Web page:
Friday, October 24, 2008

Guardianship II: Worrying too much

Since I told the social worker that I would like to learn more about what legal guardianship for Gary would look like, possible scenarios keep running through my head. I need to exorcise them and I shall attempt to do that by giving them to the Internet. Ready, Internet? Okay.

Scenario 1. Gary's dad is relieved, as the social worker says that many parents are, that at least Gary is out of foster care. He sees this as the best thing for Gary and understand that one of the advantages is that he will have easier access to his son because I can give permission for visits. I think that Gary needs as much time with his Dad as possible. Gary and his Dad don't have to worry about social services. Gary's dad is in no way threatened. We all live happily every after.

Scenario 2. Gary's dad doesn't like the idea. Someone is able to discuss the pros and cons with him in a calm manner (even though no one has been able to get him to respond to any attempts at contact for two months). For whatever reasons he says no. We respond by saying that in that case we won't pursue it. The advantages legal guardianship would give to Gary do not outweigh creating tensions in his relationship with his father.

3. No one can get Gary's Dad to respond to a request for conversation and so when he hears about it it seems to him to be a done deal. He fights it, tells Gary that he is going to get him back, makes promises, leading to disappointment. Gary's dad calls social workers and judges and tells them that if they do this he will kidnap Gary. In other words, Gary's dad behaves the way he did when Gary went into foster care.

4. Gary's dad acts like my dad when I was a teenager. He learns that Gary thinks it is a good idea* and is hurt. Having a wife on one side who wants Gary out of their lives and a son who seems to him to be saying that he wants out too, Gary's Dad rejects first, says, "Fine. If that's what you want, then go." Deep damage is done to their relationship.

This whole situation is just strange. There is no case plan for Gary's Dad to be following, so there is nothing for him to be failing to do. Nobody has any authority to require him to have meetings with them. There is no way for us or anyone else to have a conversation with him.

Okay...I know. I'm a worry-wart.

I have realized that some of my reasons for wanting to pursue legal guardianship are tied up with wanting to protect Gary from the sense of rejection he is experiencing -- an experience that reminds me so much of my own. That doesn't mean it is a good idea. It just means that I have to realize that my emotions are what they are.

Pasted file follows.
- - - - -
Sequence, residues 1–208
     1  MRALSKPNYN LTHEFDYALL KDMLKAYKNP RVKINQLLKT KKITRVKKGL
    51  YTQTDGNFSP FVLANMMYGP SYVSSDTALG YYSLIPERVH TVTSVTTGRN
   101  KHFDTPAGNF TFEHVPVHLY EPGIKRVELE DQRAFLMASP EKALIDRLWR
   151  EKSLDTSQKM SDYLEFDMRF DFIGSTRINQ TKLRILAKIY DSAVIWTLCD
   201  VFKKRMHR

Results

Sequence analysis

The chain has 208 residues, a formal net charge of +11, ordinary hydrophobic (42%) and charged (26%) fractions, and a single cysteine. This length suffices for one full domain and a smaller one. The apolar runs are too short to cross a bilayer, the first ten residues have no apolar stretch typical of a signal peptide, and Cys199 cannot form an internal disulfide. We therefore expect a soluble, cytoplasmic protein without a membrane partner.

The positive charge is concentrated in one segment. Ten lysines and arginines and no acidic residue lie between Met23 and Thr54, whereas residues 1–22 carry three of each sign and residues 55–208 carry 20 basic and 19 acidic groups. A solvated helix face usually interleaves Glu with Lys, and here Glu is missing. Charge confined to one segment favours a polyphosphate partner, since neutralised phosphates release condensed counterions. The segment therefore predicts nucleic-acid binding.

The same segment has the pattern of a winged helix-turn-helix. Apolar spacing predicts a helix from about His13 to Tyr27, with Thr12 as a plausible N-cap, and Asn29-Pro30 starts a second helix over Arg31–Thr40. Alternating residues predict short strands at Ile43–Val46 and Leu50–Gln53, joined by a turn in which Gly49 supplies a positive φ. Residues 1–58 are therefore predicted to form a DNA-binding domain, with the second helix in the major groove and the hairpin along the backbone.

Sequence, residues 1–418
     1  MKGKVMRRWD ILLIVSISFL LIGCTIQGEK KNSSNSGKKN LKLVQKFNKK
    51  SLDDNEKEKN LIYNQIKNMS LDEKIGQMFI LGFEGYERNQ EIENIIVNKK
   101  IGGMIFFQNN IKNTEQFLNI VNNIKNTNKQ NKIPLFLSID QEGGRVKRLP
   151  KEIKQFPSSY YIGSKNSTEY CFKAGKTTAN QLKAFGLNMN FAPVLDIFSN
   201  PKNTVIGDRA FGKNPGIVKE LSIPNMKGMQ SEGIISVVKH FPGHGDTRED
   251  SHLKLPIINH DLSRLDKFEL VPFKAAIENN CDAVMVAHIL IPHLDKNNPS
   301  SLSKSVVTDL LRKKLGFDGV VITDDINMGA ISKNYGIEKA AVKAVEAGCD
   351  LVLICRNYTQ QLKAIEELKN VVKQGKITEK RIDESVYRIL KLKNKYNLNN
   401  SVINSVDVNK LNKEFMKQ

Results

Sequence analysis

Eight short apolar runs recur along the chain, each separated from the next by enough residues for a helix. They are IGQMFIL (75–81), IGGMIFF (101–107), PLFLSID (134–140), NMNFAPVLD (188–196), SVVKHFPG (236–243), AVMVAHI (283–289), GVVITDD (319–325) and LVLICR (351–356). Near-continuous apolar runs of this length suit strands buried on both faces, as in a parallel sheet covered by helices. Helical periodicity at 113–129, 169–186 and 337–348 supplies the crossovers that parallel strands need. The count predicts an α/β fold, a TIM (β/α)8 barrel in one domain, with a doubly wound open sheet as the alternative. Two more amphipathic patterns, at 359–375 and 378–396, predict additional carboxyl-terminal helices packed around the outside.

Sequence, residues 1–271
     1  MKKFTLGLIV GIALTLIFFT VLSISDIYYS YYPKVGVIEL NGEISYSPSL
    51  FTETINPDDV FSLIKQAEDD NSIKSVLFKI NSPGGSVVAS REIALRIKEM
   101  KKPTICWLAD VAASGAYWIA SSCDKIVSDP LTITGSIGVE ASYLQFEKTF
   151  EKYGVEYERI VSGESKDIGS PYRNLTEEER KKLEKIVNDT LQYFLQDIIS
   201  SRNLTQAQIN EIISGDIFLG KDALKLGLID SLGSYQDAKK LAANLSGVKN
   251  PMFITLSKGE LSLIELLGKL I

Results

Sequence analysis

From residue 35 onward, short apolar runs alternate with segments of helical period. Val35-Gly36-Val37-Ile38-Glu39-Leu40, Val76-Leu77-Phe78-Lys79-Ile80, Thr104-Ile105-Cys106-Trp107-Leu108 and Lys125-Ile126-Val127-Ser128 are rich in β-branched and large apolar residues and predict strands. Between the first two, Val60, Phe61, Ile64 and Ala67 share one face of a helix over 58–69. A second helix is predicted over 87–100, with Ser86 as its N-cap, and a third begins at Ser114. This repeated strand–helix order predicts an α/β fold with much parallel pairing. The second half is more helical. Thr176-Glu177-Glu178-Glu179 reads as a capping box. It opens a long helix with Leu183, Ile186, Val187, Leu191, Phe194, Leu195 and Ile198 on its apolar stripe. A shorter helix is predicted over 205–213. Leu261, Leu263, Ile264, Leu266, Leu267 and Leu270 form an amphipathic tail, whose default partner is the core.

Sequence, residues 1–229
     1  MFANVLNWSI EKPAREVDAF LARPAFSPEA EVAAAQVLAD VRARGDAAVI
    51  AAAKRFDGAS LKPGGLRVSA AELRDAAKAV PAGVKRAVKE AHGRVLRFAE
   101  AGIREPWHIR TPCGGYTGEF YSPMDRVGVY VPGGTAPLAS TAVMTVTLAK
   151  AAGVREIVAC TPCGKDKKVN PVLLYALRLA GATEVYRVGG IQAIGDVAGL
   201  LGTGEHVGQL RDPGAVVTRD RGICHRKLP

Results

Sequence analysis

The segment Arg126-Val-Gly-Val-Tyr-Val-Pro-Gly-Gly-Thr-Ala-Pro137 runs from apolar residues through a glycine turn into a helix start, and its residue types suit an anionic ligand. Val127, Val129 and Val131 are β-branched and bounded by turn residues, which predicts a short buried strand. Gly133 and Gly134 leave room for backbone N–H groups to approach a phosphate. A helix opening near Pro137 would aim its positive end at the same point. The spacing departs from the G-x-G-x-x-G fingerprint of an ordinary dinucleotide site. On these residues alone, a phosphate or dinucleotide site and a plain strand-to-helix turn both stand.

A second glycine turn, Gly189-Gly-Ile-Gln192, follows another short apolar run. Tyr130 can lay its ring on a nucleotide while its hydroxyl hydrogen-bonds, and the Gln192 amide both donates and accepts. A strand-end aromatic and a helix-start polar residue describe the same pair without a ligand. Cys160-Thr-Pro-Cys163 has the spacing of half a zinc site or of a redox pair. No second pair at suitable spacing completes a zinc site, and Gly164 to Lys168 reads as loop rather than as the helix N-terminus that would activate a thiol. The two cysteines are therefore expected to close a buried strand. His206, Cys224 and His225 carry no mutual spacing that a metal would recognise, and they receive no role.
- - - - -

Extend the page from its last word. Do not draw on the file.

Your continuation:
*Gary has no idea that I have asked to learn more about this. I am pretty confident that he will think it is a good idea. I imagine he will be on board at "no state social worker" or "driver's education class" whichever comes first.


  1. You know what my thought was as I ran through these scenarios? Oh, yeah. That could happen. To each. and. every. scenario.

    I'm no help what-so-ever, am I?

  2. Ummm. Hmmm. Oddly, I didn't think any were likely, except the one that mimicked the one he already did (#3)

    But I think it might go like this: Dad is reading the correspondence, but has made promise to new wife not to contact Gary if Dad wants to stay married. Dad can't risk the marriage dissolving and losing his younger kids. Dad doesn't fight it, lets it happen. Nothing changes in the Gary/Dad relationship- there hasn't been contact and still won't be. At some point later (12 or more months), Gary will attempt to contact his Dad, being fed up with being ignored (heck, normal teenage emotions are bound to kick in at some point after he gets past his concerns that ya'll will dump him and decides to be more open with his emotions) and then Dad will voice his irritation at being "dumped" by "Gary choosing new parents and abandoning him". Gary and Dad will have brief counseling sessions at request of Yondalla who arranges the whole thing in order to keep peace. Family melds lovely-like and things are much improved, just by removing the red tape associated with social services.

    So, there ya go- a happy (although delayed in some ways) ending. Lose not your hope, oh fearless one!

  3. Guardianship worked well for us with Ella. Her birth mom first wanted to fight it, but in court the judge did a good job of explaining that it was best for Ella, that we would not need to contact her or a social worker to meet Ella's medical needs, get a haircut, travel and so on. He sort of made it sound like a convenience thing. We did get reimbursement at the same rate of foster care and she was kept on the state paid medical plan. The downside to it was that we were completely responsible for arranging, supervising and/or reusing visits. I had to be the bad guy a few times when birth mom was really wacked-out. At one point birth mom got a bill from the state for child support which completely freaked her out, but she didn't really have to pay it. If Ella weren't so young we may have kept it as a guardianship, but she really was (and is) just a baby. We wanted real permanence. With guardianship, the birth parents can request that it be revoked at any time (they have to give VERY good reasons why once they get to court, but they can ask any time). In our state there is a home visit with a social worker once a year and a status hearing once a year.

    If Gary's dad doesn't think it's permanent, maybe he will be happy to go along with no fall out at all. He may even like the idea that a social worker doesn't need to approve his visits.

  4. Sadly, I am betting on #4.


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